The Many Signs and Symptoms of Whiplash, Explained

man holding neck because of pain

Neck pain is no light matter. 2.7% of people experience neck pain in their lives. Americans spend millions of dollars every year to treat and mitigate their pain, and thousands miss work.

One reason neck pain is so common and so hurtful is that there are many causes of neck pain. Whiplash is just one prevalent condition that can set off significant pain. Before you can get the help you need, you should know about the symptoms of whiplash.

What are the most common signs of whiplash? What causes the condition, and how do doctors diagnose it? How do you treat whiplash?

Know the answers to these questions and you might resolve your neck pain in no time. Here is your quick guide.

The Symptoms of Whiplash

Any person can experience whiplash. But people who have had whiplash, previous neck pain, or who are older are more likely to experience extreme symptoms.

Keep in mind that each case of whiplash is different, so not everyone will experience it in the same way. However, there are common symptoms that most people share.

Neck Pain

Neck pain is the most common and significant symptom of whiplash. The pain can occur anywhere in the neck, though most people feel it all throughout their neck.

Pain can feel tearing, throbbing, or burning. It may become worse when you lay down, turn your head, or stand up. You may feel momentary relief when you massage your neck, or the pain may become worse.

The pain may be very significant. You may struggle to think about anything besides your pain, and you may not sleep properly.

Pain in Other Parts of Your Body

60% of people with whiplash also experience a headache with their back pain. The headache may start at the base of the skull and spread to other parts of the head. The headache may get worse if you look at a bright object or turn your head around.

Other people experience shoulder pain. Their neck pain can radiate into their shoulders, or the shoulder pain may occur independently. The pain may feel like warmth or tenderness, which can make it hard to move the shoulders.

In rare cases, someone can feel pain in their upper back. It may feel like tingling or tearing. Pain in the lower back or legs rarely occurs with whiplash, and it may be a sign of another problem.

Muscle Stiffness

Most people with whiplash have muscle stiffness in their necks. If you lean forward or adjust your position in a chair, the stiffness may become intense.

Other people feel muscle stiffness in their arms, shoulders, and upper back. As with neck stiffness, the stiffness may become intense when you move your arms or shoulders. Even moving your fingers or shifting in your seat can cause the stiffness to resurface.

Less Common Symptoms

Some people develop concentration problems alongside other signs of whiplash. Their pain may distract them, or they may not focus for no apparent reason.

You can also experience a ringing in your ears or blurred vision. Even if you rub your eyes, you may find it hard to see or read properly.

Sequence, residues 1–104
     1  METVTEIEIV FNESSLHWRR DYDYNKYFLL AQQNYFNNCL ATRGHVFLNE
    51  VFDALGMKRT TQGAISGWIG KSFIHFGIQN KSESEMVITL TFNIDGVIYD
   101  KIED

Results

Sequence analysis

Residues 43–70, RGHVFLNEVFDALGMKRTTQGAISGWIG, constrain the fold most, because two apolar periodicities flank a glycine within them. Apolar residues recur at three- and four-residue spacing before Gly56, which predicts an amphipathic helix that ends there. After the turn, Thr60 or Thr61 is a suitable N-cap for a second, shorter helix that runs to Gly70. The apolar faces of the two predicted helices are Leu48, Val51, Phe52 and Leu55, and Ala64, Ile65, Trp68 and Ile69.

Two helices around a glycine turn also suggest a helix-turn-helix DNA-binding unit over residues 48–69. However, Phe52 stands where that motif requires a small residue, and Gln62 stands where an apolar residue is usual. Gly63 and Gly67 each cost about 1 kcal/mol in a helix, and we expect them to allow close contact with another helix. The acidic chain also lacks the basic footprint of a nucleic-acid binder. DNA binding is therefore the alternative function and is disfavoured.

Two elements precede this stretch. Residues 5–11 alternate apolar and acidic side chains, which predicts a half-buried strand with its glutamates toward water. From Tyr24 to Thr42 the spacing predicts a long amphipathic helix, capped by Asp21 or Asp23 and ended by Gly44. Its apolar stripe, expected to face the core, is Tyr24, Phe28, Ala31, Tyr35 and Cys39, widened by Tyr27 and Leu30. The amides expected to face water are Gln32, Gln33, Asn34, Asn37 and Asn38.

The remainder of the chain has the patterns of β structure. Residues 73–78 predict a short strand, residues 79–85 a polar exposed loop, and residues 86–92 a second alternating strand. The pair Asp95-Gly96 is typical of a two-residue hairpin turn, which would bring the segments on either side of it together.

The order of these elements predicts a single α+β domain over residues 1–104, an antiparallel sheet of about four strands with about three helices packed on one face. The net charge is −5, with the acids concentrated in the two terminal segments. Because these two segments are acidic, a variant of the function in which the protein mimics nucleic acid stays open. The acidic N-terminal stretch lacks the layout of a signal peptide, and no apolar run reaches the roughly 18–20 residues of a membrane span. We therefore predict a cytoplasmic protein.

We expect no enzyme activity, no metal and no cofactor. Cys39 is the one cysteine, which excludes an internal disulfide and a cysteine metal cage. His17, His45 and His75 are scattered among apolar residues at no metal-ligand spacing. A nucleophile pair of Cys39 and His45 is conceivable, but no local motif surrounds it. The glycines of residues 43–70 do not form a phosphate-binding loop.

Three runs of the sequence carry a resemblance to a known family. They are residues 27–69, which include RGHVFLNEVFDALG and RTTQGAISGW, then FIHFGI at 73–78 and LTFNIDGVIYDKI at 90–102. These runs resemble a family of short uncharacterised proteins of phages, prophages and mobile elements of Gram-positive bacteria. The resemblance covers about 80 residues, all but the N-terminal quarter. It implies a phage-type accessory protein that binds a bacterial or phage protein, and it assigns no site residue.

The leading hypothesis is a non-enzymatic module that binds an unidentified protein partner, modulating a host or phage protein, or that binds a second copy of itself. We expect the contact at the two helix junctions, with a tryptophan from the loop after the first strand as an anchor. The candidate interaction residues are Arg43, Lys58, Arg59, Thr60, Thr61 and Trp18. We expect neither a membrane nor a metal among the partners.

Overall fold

Whiplash Treatment

As the name implies, whiplash occurs when someone’s neck moves like a whip. A car may hit you from behind, throwing your body forward. You may slip on a patch of ice, causing your neck to move back and forth.

Your neck contains tendons, muscles, and soft tissues that can tear or become damaged after a sudden movement. When these tissues become damaged, your nerves send signals to your brain indicating that you have a problem.

The symptoms of whiplash overlap with a lot of other conditions. Muscle strains, fatigue, and broken bones can create neck pain and concentration problems. You can also have whiplash alongside a concussion or a spinal cord injury.

In order to get a diagnosis, you need to visit your doctor. They can conduct a physical exam to determine what your pain and flexibility are like and if you have any other injuries.

If they think you have whiplash after a car accident, they can conduct a few tests. An MRI will help them see the soft tissues in your neck and determine if they have been damaged.

If you are diagnosed with whiplash, go home and get some rest. Try to avoid straining your neck and rest your head on a comfortable pillow.

Most people recover from whiplash within a few weeks and without extensive whiplash treatment. If your neck pain lasts for over two months and you cannot perform work, get help.

You should go to a doctor with a specialty in neck and back injuries. They can perform a minimally invasive spinal fusion procedure, reinforcing your vertebrae with a bone graft or piece of hardware. This will help your spinal tissues reconnect and repair themselves while preventing further damage.

The Essentials of Whiplash

The symptoms of whiplash can be debilitating. You may experience constant tearing pain and muscle stiffness that makes it hard to move. The pain may occur in your neck, shoulders, and arms, even if you don’t think they were damaged.

Any sudden movement like a car accident can cause whiplash. You need to rest and monitor yourself for complications. You may need minor surgeries to mitigate pain and provide support for your neck.

Don’t hesitate to give neck and back professionals a call. New York City Spine serves New York and New Jersey residents. Contact us today.

At New York City Spine Surgery, our standard for excellent care means treating you as a whole person, and not just another spine disorder on a chart.

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